Antimicrobial fabrics are the way to go, if you want to avoid odors, too. That's a top priority in female hygiene while backpacking.
Again, ExOfficio wins. These are the best solution I've found for wicking, odor resistant hiking underwear:ExOfficio Give-N-Go Bikini Brief.
Ah! Great female hiker hygiene question!
And yet another reason to avoid cotton: it dries slowly, or not at all in high humidity or cold conditions.
But if you have a nylon blend hiking panty, you can:
You can alternate between 3 pairs of hiking panties (wear one, wash one, and a backup pair in your backpack).
More drying tips:
Use a sunny rock when available for drying purposes.
Or hang your freshly washed hiking underwear inside your tent overnight.
Here's a good deal to consider: a three pack
A compelling female hiker hygiene worry!!
The above tips for selecting the right fabric, washing & drying will help avoid odors.
But disposable panty liners can also alleviate your odor concerns.
These liners come in various lengths and absorbencies.
Here's a good one to try:
If you suffer from "leaky sneezes" syndrome (unattractively called "urinary stress incontinence"), you might want to add these absorbent, odor controlling liners to your daily hiking hygiene on the trail:
Again, be a good citizen and carry out your used products and dispose of them properly, as you would with your menstrual supplies.
"I can't find a comfortable sports bra that works well with my backpack."
Let's start right off with some tough love:
Leave your under wire bras at home.
A well designed sports bra will keep you locked down tight, wick moisture away from your skin, provide easy on-and-off options, and just might look good, too.
Sports bras come in a mind numbing array of styles and fabrics, it's true.
So here is my take on the best sports bras for hiking.
Plus size hiking sports bras are even harder to find.
Hiking is considered a moderate impact sports activity.
Flat, wide trails are low impact, rocky and steep trails are high impact, and if you're generously endowed, everything is high impact!
Ignore the ratings and marketing hype. Focus on achieving your personalized comfortable fit (yet another version of "hike your own hike", applied to your girls).
"Should I wear a sport bra hiking?
If you're wondering about braless hiking, here's my personal opinion:
Unless you are small breasted, you're going to need the support and moisture wicking ability of a sports bra.
Chafing and bouncing will lead to bacterial growth and open sores on your skin. Why risk it?
Women with large breasts need a supportive sports bra that will keep them from forming puddles beneath the breast tissue.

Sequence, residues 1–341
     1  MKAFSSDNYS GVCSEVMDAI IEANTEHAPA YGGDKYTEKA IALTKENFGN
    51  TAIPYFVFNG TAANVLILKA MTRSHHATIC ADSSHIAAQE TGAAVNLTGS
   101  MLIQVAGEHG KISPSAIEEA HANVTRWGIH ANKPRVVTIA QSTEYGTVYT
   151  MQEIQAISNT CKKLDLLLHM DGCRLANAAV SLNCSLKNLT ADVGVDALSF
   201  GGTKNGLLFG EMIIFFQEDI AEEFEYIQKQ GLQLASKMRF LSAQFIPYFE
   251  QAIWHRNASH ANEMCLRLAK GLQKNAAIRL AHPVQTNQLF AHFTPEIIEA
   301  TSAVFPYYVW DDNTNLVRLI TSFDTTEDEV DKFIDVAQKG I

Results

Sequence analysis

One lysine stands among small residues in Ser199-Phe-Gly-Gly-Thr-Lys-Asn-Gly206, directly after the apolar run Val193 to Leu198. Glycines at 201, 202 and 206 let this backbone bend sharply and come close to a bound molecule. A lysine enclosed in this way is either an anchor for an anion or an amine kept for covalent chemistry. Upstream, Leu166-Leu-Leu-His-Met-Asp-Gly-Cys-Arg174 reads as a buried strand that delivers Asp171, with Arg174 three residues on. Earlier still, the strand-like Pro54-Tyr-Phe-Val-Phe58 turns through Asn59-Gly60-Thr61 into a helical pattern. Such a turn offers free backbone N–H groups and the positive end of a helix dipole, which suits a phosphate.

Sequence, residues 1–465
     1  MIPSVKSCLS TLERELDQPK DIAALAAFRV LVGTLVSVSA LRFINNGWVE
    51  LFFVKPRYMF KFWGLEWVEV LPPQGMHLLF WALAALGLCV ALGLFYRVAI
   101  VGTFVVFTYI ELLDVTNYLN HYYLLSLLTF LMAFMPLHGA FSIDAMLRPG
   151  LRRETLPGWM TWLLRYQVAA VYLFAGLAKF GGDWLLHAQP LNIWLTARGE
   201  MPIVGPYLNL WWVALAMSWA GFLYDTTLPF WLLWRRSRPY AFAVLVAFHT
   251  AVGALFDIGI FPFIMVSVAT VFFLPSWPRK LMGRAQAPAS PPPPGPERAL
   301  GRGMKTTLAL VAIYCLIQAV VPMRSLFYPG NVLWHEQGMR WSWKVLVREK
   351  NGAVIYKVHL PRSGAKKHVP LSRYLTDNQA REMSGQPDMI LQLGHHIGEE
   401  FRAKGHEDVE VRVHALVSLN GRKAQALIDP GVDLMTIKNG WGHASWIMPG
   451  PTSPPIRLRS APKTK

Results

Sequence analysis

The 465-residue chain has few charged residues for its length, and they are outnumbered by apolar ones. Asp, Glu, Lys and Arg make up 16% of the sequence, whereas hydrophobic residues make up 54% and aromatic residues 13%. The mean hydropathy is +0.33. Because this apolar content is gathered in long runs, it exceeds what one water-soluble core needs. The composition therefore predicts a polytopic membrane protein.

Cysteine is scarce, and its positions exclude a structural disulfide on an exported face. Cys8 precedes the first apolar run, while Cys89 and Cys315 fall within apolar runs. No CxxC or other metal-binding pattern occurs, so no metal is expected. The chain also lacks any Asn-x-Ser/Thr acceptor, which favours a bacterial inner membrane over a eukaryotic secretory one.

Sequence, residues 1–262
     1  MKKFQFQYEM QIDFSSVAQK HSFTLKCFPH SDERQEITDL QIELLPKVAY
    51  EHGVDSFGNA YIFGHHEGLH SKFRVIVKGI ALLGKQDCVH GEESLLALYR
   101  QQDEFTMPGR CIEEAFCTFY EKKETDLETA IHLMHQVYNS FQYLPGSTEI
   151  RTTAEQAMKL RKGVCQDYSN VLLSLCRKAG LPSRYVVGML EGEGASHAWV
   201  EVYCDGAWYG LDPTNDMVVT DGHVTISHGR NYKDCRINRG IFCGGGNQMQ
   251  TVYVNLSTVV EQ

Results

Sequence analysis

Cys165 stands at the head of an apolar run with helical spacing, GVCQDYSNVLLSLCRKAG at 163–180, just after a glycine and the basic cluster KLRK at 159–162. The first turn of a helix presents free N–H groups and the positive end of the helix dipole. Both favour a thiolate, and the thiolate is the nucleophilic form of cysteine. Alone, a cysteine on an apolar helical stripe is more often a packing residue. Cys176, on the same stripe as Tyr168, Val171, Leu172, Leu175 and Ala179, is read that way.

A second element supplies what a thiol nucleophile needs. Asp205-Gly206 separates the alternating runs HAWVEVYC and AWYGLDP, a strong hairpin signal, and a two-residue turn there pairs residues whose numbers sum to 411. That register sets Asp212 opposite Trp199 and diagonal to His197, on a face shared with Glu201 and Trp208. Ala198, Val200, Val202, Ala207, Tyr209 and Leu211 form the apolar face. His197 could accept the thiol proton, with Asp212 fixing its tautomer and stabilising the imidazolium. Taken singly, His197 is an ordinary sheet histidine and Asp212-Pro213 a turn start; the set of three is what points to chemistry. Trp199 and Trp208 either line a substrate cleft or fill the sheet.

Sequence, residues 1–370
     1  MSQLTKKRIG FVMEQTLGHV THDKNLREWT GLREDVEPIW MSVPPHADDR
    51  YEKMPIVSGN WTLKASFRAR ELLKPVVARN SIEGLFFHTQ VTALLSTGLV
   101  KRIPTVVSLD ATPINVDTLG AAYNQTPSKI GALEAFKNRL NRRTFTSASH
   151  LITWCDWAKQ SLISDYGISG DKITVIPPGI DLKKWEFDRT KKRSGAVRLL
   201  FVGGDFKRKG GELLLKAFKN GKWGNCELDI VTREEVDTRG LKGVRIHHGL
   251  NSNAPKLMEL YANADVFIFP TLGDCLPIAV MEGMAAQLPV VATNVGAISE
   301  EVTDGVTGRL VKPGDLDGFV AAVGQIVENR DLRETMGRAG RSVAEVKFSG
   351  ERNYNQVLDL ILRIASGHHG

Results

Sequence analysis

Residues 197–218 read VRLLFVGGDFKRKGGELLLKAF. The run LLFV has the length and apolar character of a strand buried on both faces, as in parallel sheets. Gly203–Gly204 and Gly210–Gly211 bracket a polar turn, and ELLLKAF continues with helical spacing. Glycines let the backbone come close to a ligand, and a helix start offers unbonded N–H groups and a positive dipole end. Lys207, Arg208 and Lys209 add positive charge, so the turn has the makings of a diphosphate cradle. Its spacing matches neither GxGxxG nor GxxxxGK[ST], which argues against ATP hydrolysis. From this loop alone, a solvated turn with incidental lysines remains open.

For tips on how to find the perfect sports bra:
"I can't stand my dirty hair one more minute!"
Dirty hair may not seem like a big deal in theory, but it's a matter of comfort on our list of female hiker hygiene tips.
Hair length dictates how long you can stand the greasy, matted feeling that builds up underneath your hiking hat after several days of camping and hiking.
One reason I wear my hair long and all one length is because I can pull it into a braid or ponytail or bun, and not be bugged by it when it gets dirty after a day (week) of hiking.
You might think it's a little extreme to plan a hair style around hiking, but there you have it: I'm a hiking addict.
If you are, too, be sure to bring several hair scrunchies, pony tail holders, clips or whatever else keeps your hair up and out of the way.
I have also resorted to wearing hats for days on end.
Always braid your hair for sleeping. It keeps it out of your face and prevents you from pulling your own hair in your sleep.
And a braid lies flatter than a ponytail, keeping your neck in alignment with your body as you snore away.
Be sure your hiking hat will accommodate your bun or ponytail.
If you wear your hair short, or layered in the front so that you can't pull it up and away from your face, you have "hiding" options.
Any of these ingenious little pieces of fabric will work:
Or any combination!
Here's one of the best female hiker hygiene tips you'll ever find:
Carry enough all purpose soap for hair washing at regular intervals throughout your hiking trip.
This is a great mild, odor free, multi-purpose and natural soap.
has a certain set point for the "I can't stand my dirty hair anymore!!" blues.
Some short haired women carry dry shampoo, and comb it through to soak up some of the natural oils.
If all else fails, wear your hat 24/7.
Then soak it in warm soapy water for a week once you're back home.
"How do I answer Nature's call without falling off a cliff or getting poison ivy blisters?"
Yeah, there's no way around this one! What goes in must come out.
Big Hiking Reality:
Keeping hydrated is a priority. Your body needs water for proper functioning.